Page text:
Remembering people in your life that have made a difference.
I can think of one who truly stands out. His name was Arie D. Bestebreurtje.
We called him Dr. B.
From Holland, Dr. B was an Olympic speed skater, an alternate on the Dutch Speed Skating Team at the 1936 games. A law school graduate, Dr. B escaped Nazi occupation at the start of the war, reached England and joined the exiled Dutch army. He was a captain in 1944, later became a major and was a member of the Office of Strategic Services, the U.S. spy agency during World War II. He became a member of an elite group of soldiers called Jedburghs and was dropped behind enemy lines for reconnaissance to lead the Dutch resistance. His bravery in action resulted in The Legion of Merit, one of the highest honors the United States could bestow on a foreign soldier.
After the war, Bestebreurtje became a noted and successful international lawyer. At age 38, he received a higher calling and became a Presbyterian minister, serving first in Louisville, then later at First Presbyterian in Charlottesville.
In 1968, Nancy and I had started a family and were looking for a church home. I had heard a preacher on a Sunday night radio broadcast that I enjoyed. You had to listen carefully to understand through the heavy Dutch dialect, but he was an excellent preacher. The next Sunday, we went to see him at First Presbyterian on Park Street. It was crowded that Sunday and they ushered us to the balcony. From the pulpit, Dr. B urged any and all guests to fill out an information card, and for some reason I did, and dropped it in the collection plate.
That afternoon, shortly after the Church service, we heard the doorbell ring. Nancy peeked out and saw a tall, distinguished man at the door.
“I think it is one of your clothing salesmen,” she said, knowing that I knew many from my work as the Manager of the Men’s Department at Leggett’s Barracks Road.
“What would they be doing calling on me at home on a Sunday afternoon?” I wondered.
I opened the door. It was Dr. B.
Quickly, I invited him in and offered coffee. He loved coffee, or perhaps I should say he liked a little coffee with his sugar. I think he had 5 teaspoons.
We chatted for a while and as he left, he said he looked forward to seeing us in church the next Sunday. He didn’t say he hoped he would see us. He knew he would see us. And he did, and we soon joined First Presbyterian Church. I don’t think we had any other choice.
When Dr. B found out that both Nancy and I enjoyed singing, he escorted both of us to the choir room and that was that.
First Presbyterian had an excellent choir at the time – some really tremendous voices. Our Choir Director, Jim Carson, was naturally quite demanding. During one practice, Jim raked the tenors over the coals and I told Nancy afterwards that I really had no business in a choir like that. I was not musically trained and felt the scolding was directed at me. So I dropped out. For three weeks,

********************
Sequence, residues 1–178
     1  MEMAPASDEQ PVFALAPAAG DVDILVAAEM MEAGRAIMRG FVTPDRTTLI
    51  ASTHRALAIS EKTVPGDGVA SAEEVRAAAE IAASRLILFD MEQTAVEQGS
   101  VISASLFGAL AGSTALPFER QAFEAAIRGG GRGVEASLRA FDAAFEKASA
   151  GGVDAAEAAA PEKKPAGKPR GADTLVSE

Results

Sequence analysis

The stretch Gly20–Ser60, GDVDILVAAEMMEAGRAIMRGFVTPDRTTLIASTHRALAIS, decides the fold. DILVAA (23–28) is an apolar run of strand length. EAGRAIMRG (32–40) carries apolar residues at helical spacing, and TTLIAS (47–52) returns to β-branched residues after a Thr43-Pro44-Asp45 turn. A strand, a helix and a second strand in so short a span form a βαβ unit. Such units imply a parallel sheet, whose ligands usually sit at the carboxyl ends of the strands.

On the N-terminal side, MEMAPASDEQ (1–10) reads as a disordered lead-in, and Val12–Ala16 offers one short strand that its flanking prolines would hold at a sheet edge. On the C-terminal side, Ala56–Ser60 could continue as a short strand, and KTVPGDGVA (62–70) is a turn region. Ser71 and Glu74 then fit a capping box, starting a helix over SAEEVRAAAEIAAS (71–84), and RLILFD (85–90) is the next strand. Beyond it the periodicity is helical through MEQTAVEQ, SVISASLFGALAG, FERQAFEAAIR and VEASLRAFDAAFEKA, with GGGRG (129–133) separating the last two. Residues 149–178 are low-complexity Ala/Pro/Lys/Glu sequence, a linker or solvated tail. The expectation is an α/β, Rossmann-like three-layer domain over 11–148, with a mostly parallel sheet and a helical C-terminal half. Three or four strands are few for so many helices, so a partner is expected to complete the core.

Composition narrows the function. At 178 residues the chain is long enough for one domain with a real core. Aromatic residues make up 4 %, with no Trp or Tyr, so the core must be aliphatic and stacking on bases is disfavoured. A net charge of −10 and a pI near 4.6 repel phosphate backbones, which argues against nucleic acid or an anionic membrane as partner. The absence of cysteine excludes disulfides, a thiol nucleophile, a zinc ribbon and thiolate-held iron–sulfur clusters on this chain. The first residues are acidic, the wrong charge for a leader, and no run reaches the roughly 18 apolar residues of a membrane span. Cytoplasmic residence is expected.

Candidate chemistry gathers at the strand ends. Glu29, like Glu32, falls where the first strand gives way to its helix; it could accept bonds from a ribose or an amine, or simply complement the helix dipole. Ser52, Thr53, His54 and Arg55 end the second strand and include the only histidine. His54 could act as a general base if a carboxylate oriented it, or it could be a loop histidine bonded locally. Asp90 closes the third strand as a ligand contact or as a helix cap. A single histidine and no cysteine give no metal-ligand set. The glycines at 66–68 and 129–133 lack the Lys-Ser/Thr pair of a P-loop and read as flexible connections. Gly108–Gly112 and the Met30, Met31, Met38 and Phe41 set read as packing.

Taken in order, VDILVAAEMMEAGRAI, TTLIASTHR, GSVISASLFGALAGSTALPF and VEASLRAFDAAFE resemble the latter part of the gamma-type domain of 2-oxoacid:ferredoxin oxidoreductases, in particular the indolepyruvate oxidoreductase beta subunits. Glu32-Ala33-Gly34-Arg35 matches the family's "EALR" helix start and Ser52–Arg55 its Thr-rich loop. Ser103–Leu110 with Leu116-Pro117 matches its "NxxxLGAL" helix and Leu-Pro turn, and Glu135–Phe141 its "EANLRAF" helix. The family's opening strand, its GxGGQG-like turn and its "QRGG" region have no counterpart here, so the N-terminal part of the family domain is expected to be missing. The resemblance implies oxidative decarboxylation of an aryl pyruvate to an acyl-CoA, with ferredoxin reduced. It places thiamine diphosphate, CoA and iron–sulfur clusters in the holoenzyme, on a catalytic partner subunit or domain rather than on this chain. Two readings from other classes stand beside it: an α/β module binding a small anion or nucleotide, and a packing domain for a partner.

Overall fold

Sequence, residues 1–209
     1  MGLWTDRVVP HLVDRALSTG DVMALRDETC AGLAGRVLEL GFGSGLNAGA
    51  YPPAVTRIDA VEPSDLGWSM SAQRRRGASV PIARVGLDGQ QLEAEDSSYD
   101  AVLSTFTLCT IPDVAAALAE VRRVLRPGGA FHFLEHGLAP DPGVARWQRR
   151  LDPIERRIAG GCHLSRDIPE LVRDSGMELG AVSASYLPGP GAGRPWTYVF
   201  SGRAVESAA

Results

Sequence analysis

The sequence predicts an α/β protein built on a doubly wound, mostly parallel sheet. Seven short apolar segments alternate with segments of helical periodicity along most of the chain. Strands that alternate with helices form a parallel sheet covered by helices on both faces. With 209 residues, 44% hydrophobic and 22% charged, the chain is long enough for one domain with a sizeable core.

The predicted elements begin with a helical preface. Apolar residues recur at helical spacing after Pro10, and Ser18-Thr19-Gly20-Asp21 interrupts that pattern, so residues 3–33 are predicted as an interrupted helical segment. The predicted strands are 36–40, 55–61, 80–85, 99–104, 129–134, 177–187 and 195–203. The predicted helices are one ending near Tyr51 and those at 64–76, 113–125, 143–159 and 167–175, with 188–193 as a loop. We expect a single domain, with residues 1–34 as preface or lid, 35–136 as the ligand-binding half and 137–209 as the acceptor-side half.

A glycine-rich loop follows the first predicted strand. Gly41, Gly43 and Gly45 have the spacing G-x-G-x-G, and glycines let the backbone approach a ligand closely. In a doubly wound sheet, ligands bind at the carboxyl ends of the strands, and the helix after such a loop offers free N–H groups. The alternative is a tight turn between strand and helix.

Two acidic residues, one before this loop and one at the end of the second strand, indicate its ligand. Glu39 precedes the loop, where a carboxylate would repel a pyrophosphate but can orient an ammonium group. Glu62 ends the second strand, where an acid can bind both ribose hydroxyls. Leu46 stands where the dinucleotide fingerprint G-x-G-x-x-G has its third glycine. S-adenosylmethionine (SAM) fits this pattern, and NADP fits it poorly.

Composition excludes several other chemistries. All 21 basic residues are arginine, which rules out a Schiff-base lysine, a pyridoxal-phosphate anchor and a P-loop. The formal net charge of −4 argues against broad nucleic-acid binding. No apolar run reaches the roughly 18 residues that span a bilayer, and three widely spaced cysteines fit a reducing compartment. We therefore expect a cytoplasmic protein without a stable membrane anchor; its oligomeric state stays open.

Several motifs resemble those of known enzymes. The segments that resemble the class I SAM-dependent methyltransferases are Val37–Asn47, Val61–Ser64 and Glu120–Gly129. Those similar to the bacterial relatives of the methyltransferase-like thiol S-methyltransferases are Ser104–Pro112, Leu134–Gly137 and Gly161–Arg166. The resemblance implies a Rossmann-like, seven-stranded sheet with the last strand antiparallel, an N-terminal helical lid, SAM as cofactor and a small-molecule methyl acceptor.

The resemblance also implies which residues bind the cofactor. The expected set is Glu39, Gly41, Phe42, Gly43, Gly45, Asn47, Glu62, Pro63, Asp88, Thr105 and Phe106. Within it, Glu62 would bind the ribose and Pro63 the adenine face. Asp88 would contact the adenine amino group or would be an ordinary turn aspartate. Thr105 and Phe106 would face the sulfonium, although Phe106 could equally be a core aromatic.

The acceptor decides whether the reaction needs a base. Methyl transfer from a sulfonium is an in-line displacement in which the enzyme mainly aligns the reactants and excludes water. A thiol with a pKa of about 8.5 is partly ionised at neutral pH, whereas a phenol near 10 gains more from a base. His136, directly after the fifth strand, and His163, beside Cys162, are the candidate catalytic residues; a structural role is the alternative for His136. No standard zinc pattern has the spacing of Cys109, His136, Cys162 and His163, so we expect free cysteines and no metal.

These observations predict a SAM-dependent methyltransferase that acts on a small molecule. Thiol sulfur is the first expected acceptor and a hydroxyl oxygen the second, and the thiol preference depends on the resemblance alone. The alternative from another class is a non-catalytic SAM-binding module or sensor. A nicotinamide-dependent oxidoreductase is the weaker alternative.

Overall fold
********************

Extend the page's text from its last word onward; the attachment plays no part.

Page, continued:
Then, the doorbell rang again at our house and it was Dr. B, back for more coffee and to find out why I had missed three Sundays at choir.
I told him the reason, and he said that was rubbish, that choirs needed a blending of voices, not just lyric tenors. The next Sunday I was back in the choir loft and was later told that the fussing was not intended for me, but for another tenor who was often flat and did not count beats in a measure very well.
We sang in the choir for 23 years – almost every Sunday, and a side benefit was over two decades of hearing sermons from perhaps the finest preacher who ever lived.
Dr. B held back nothing. He told it like it was, not things you may have wanted to hear. When he leaned over from the pulpit, squinted his eyes and began to speak with that heavy Dutch accent, it was if God Himself was laying it on the line.
Dr. B said so many profound things that it would many books to contain them, but some things I well remember.
He said if we had questions about our faith, fire away, that God could handle those questions. He would never ask us to believe something that could not merit intense scrutiny. Dr. B said that it was good that the Gospels differed slightly. He said that when stories are told exactly alike, it was usually contrived. And he asked why the apostles would lie or deceive and later go to their deaths if what they said was not true. He said there would be no churches in heaven. We would no longer need them. Dr. B described prayer as practicing the presence of God. When Dr. B introduced new members, as many as 20 or 30 at a time, he knew everyone’s name and where they were from. Without notes or cards, he introduced each one to the congregation.
I, unfortunately, have since compared every minister to Dr. B and they all fall woefully short. Most do not take the trouble to ask your name as you leave the church, much less show up on your doorstep an hour after the service.
If I am somehow allowed into heaven, one of the first people I’ll seek out will be Dr. B.
I know for sure he’s there.